He was also found guilty of perverting the course of justice.

During a search of Ewing’s flat in All Hallows Road, Bispham, police officers found a hoard of cuttings about the case and about the murder.

Blackpool Gazette.

Alleged neo-Nazi, Claudia Patatas, 38, from Banbury, leaves Birmingham Crown Court (Aaron Chown/PA)

Alleged neo-Nazi, Claudia Patatas, 38, from Banbury, leaves Birmingham Crown Court (Aaron Chown/PA)

An alleged far-right terrorist posed for a photo cradling his new-born baby, wearing the hooded white robes of the Ku Klux Klan (KKK), a court heard.

Adam Thomas, 22, and his partner Claudia Patatas, 38, gave their child the middle name Adolf -which the prosecution has alleged was in honour of the infamous Nazi leader Hitler.

On Wednesday, a court also heard how Patatas had allegedly sent a WhatsApp message reading “all Jews must be put to death”, while Thomas bemoaned the fact he had a “fat p**i” as a work colleague.

Jurors were also shown another image, said to be of Thomas in a Klansmen’s robe and brandishing a machete in front of a Confederate flag.

The flag was shown hanging over a sofa, on which were two scatter cushions each bearing the Swastika.

The couple also allegedly had a poster stuck to their fridge reading “Britain is ours – the rest must go”.

The Crown have further claimed the couple were pictured at home with another man, a convicted racist and “vehement Nazi”, who was holding a Swastika flag and performing a Hitler-style salute over their baby.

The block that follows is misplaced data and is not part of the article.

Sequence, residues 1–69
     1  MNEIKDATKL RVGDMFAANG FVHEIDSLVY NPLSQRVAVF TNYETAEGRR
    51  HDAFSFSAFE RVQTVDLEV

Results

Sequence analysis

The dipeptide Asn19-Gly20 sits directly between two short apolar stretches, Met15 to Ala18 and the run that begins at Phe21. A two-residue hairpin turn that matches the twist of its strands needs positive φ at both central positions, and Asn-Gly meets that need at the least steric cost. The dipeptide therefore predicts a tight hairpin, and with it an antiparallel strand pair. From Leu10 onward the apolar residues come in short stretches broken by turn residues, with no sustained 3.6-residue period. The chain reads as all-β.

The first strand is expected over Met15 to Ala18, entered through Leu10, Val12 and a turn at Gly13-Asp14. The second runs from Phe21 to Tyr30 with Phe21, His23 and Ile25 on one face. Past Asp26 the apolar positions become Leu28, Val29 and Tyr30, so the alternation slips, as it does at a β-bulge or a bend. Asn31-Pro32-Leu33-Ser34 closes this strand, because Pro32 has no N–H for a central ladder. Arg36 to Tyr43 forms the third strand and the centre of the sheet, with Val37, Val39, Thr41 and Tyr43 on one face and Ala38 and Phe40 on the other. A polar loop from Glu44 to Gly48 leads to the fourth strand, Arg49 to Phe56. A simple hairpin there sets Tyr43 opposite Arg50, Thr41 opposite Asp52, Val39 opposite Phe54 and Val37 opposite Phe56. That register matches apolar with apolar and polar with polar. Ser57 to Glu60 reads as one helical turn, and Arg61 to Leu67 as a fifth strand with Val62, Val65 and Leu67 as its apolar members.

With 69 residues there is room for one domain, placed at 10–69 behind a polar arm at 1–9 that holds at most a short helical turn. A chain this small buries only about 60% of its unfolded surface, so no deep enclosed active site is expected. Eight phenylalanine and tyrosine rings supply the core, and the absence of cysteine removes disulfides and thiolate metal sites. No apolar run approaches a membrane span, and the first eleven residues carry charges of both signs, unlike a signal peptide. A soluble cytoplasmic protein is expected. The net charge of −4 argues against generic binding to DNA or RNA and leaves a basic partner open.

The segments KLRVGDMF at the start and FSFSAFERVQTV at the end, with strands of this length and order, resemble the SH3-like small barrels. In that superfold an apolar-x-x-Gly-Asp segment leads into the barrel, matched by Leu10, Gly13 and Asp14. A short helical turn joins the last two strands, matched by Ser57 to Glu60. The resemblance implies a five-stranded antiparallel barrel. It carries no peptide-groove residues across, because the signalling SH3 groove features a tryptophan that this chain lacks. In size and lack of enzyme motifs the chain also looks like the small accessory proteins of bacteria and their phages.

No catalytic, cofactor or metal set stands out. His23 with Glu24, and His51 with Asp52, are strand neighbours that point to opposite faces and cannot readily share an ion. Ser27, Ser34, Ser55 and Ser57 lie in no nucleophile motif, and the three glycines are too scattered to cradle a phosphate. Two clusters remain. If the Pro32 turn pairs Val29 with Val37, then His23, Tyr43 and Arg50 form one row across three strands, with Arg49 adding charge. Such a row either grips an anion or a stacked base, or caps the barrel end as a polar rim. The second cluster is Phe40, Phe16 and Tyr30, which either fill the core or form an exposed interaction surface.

Thomas and Patatas, both of Waltham Gardens, Banbury, Oxfordshire, are on trial at Birmingham Crown Court accused of being members of the far-right terrorist group National Action, banned in December 2016.

Co-defendant Daniel Bogunovic, 27, of Crown Hills Rise, Leicester, is also in the dock facing the same membership charge.

Thomas is facing a separate charge of having a terrorist document, the Anarchy Cookbook, which contained bomb-making instructions.

Barnaby Jameson QC, prosecuting, showed jurors a series of photographs said to be of Thomas in KKK robes, including one with the child.

He said: “The suggestion is that is Mr Thomas and his child, whose middle name is Adolf.”

Turning to an image of a hooded man with a machete, Mr Jameson added: “There is a strong inference, and you’ll appreciate this when you look inside the Thomas and Patatas’ house, that that was taken inside their home, and that the person in the robes was Thomas.”

It emerged in court that counter-terrorism officers from Prevent had visited the couple’s home in October last year “due to concerns Ms Patatas may be involved in the extreme right wing”.

However, an online chat message allegedly sent by Thomas showed he was unfazed.

He said: “I have my flags up, lol – and f**k social services, they have no basis of claim of anything.”

In a message from work that Thomas is said to have sent to Patatas, bemoaning his colleagues in September 2017, he said: “A fat half bred n****r who is typical of the Birmingham type of mongrel, a fat p**i and a black as hell Rastafarian.

“What I’ve found is that all non-whites are intolerable but the ones who have lived here most of their lives are even worse.